The Mark Warburton debacle tarred Rangers as a football club. The messy, public parting of ways with the man who had guided them promotion was handled so poorly it left it hard to imagine them as serious contenders to Celtic’s Scottish Premier League crown. That’s before you've even glanced at the table.
Brendan Rodgers’ Celtic side are 33 points ahead of their Old Firm rivals. Two league losses on the bounce have seen Rangers fall behind Aberdeen and they are now just five points ahead of fourth-placed Hearts and six ahead of St. Johnstone in fifth. Outsiders looking in consider the managerless Gers to be a bit of a joke figure in Scottish football right now.
Their insistence to hire a director of football before appointing a new manager has led to ridicule from certain members of the media. One of the biggest clubs in Scotland are biding their time while the campaign is still underway and they are suffering because of it.
But it’s those with a short-termism view who won’t see the big picture. They won’t see how this careful approach from what has been at times a reckless ownership could be what gets the club back on track in the long-term.
It could see the blue half of Glasgow rivalling those in green for silverware on a regular basis.
It’s potentially their rebirth.
After the parting of ways with Warburton it gave Rangers an ideal opportunity. It gave them the chance to get their house in order and have the structure they want in place before the season comes to an end. It may be prematurely admitting defeat but they weren't ever going to challenge Celtic this season. It's very much a short-term pain for long-term benefit sort of idea.
Why the need for a director of football?
The rigours of modern day football mean it’s rare that a manager is able to build a legacy at one club. If Rangers are to continuously topple Celtic then it will be pieced together over a number of years and will require time.
But patience isn’t in the vocabulary of owners these days and managers are basically just as good as their last result. Take Claudio Ranieri for example, the former Leicester City coach did the unprecedented last season by winning the Premier League but was sacked before the conclusion of the club’s Champions League campaign. That’s how quickly the tide can turn on those in charge.
In years gone by sacking a manager was a laborious task. The manager would leave and their staff would follow enabling a new man to come in with his own people and his new ideas. There would be a period of transition from top to bottom. This was a never-ending cycle and cost teams millions due to the fact each manager would have a different idea of how to play and they would need certain players to execute those plans.
Being perpetually in transition is a poor way to run a business.
A director of football puts an end to that. Here’s there to ensure the club isn’t building on quicksand.They are given creative control from first-team to the academy. He’s the constant and the man the owners back to bring their vision for the club to life.
Why a director of football makes sense for Rangers
The Rangers board will outline their expectations and the director of football will execute them. It’s the perfect way of getting everybody on the same page and making sure upheaval throughout the club is kept to a minimum.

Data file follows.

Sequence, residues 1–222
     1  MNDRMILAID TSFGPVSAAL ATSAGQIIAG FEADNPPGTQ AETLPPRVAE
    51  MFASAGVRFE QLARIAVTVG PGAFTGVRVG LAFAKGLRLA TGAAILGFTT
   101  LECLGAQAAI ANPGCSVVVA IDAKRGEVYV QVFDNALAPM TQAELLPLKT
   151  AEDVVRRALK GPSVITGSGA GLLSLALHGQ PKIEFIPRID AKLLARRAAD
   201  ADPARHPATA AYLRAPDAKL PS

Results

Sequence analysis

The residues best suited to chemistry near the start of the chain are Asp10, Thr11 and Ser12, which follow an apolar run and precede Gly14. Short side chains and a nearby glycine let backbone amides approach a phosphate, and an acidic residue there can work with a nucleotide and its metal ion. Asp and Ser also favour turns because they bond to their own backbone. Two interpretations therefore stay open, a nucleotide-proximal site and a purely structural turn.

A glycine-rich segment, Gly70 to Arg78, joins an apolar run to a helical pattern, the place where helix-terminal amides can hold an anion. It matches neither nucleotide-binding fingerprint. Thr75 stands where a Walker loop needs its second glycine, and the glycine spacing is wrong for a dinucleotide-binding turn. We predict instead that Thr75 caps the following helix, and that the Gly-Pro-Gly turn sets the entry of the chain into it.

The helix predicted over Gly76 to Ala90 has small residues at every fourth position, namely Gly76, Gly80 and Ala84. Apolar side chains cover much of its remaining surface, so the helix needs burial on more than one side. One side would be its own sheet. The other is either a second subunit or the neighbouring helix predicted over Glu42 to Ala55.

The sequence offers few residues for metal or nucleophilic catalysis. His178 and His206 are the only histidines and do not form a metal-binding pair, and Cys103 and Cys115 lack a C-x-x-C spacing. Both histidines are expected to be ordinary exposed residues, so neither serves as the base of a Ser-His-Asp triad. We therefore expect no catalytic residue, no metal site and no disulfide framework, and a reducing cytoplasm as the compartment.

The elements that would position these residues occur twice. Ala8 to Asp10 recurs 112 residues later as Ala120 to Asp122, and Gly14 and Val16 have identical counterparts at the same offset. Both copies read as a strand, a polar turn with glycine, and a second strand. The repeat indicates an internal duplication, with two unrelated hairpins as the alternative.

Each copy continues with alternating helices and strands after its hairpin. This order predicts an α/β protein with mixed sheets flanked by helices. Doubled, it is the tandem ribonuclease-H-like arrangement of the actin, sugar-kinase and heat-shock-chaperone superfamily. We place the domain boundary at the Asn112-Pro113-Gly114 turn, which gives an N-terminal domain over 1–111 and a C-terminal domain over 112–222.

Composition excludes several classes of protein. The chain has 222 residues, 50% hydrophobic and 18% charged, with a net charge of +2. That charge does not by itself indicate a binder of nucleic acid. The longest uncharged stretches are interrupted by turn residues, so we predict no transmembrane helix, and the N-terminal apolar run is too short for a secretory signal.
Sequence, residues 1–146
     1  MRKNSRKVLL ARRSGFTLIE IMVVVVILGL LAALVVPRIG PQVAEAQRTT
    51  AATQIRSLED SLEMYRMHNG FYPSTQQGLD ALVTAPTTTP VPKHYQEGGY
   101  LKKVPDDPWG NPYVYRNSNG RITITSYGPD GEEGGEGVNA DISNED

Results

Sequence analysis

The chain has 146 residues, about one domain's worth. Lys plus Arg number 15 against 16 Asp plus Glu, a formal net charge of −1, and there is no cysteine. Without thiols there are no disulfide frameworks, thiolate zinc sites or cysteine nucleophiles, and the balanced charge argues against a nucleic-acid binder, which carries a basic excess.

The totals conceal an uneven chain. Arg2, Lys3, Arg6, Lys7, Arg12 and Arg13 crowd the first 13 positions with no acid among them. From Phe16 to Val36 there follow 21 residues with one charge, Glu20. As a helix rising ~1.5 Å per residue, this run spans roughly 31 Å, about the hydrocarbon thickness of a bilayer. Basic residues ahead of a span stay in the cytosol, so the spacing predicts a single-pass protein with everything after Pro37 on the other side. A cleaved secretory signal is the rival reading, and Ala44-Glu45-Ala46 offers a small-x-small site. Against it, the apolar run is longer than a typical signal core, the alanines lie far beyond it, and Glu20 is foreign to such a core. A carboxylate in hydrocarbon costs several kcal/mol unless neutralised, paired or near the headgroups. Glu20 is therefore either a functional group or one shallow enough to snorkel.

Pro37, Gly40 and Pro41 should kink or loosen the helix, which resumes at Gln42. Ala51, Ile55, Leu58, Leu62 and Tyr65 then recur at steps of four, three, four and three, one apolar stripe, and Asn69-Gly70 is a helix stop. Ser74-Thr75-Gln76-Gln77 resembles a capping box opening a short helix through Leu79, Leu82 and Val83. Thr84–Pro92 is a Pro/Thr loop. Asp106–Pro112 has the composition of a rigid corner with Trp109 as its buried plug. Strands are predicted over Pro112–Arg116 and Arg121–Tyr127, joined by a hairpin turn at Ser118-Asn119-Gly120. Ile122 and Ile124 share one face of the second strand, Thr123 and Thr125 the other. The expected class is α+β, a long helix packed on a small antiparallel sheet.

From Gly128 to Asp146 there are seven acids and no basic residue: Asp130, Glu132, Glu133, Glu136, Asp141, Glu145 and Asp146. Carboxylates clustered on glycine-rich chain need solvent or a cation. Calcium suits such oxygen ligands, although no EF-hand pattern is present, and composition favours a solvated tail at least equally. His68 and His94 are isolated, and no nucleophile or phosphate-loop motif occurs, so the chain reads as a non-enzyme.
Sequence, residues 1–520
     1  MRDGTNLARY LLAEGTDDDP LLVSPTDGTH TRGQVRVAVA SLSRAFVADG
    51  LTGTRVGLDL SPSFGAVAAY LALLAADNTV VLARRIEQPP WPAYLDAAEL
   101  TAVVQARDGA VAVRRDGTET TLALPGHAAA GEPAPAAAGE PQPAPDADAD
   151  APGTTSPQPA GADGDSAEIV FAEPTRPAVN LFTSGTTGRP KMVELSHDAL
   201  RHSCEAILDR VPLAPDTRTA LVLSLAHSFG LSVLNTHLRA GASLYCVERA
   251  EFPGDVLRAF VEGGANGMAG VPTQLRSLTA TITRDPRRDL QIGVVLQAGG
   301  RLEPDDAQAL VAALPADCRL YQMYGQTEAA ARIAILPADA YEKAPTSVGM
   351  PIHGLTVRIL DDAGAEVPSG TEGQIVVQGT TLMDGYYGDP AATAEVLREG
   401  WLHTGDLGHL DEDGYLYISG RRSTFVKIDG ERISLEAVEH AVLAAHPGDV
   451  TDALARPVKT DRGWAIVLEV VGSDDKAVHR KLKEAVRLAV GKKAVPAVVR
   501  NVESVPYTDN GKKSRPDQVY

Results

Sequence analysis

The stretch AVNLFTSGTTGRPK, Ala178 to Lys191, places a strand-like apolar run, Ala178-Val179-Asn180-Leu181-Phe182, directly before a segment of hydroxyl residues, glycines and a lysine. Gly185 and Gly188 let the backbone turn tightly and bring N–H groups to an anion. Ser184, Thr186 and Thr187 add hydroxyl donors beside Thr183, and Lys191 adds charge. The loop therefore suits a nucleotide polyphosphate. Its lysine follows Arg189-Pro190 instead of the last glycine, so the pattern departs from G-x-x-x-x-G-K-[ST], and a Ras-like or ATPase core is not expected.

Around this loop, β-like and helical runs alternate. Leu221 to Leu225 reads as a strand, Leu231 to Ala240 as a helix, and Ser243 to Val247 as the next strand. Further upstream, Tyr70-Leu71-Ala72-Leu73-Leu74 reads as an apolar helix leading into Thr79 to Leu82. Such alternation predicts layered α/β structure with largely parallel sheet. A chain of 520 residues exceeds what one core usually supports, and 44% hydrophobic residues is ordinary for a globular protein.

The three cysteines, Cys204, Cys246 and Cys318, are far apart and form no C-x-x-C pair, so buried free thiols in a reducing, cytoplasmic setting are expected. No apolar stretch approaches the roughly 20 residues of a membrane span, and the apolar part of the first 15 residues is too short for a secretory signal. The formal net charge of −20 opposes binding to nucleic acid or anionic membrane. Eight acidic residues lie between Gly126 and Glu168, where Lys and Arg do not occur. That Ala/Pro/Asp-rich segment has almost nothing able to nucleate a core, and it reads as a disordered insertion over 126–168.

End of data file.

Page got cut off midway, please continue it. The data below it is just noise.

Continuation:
Under Warburton one of the complaints from fans was just poor the club's record was in the transfer market. The manager, along with head of recruitment Frank McParland, were tasked with identifying targets and securing signings for the club.
McParland had success and unearthed talents while with Liverpool, Brentford and Burnley but his record in Scotland was underwhelming.
In a piece on www.scotsman.com the 30 players who had arrived at Ibrox under the former scout and Warburton were judged. The players were placed in categories ranging from “The Waghorn” – ‘Great in the Championship, Average/Good in the Premiership’ to “The Senderos” – ‘Why oh why?’.
Of the 30 players signed only Clint Hill, Josh Windass, Lee Hodson and Wesley Foderingham have been what many would consider a success. Not exactly the best hit-rate.
Joey Barton and Niko Krancjar – risky signings in the grand scheme of things – didn't work out. The Barton experiment lasted just the five months and he's now back at Burnley. Kranjcar, meanwhile, suffered a cruciate ligament injury in October which has ruled him out until the end of the season.
There have been underwhelming signings such as Matt Crooks, Matt Gilks, Joe Dodoo and Joe Garner. The latter cost a reported £1.8million – pricey for a Scottish club – but has only found the back of the net on three occasions so far this season. While many of the other signings failed to even evoke an emotion. They weren't bad but at the same time they weren't good. They were just there.
Looking at those aforementioned players it's hard to spot a trend or a driving force behind their recruitment policy. It was a scatter gun approach that benefitted nobody.
With a director of football in charge of proceedings that doesn't happen. Instead you see the club adopt a clear identity and have a philosophy and a plan in place for. Think of Monchi at Sevilla and Michael Zorc at Borussia Dortmund.
These are clubs who had no right competing with the big boys of European football but through clever recruitment and ensuring that all involved were pulling in the same direction they've not only done that, they've sustained it.
Rangers must decide what sort of club they want to be. Whether it's a club who nurtures and develops young talent with a view to selling them on down the line for profit or a club who develop the under-appreciated players of the world and give them that second chance. Either way they're going to have to be savvy in the market.
When that's in place a Director of football can select a manager ideally suited their plans. Rangers are going about this the right way and fans should be encouraged by this.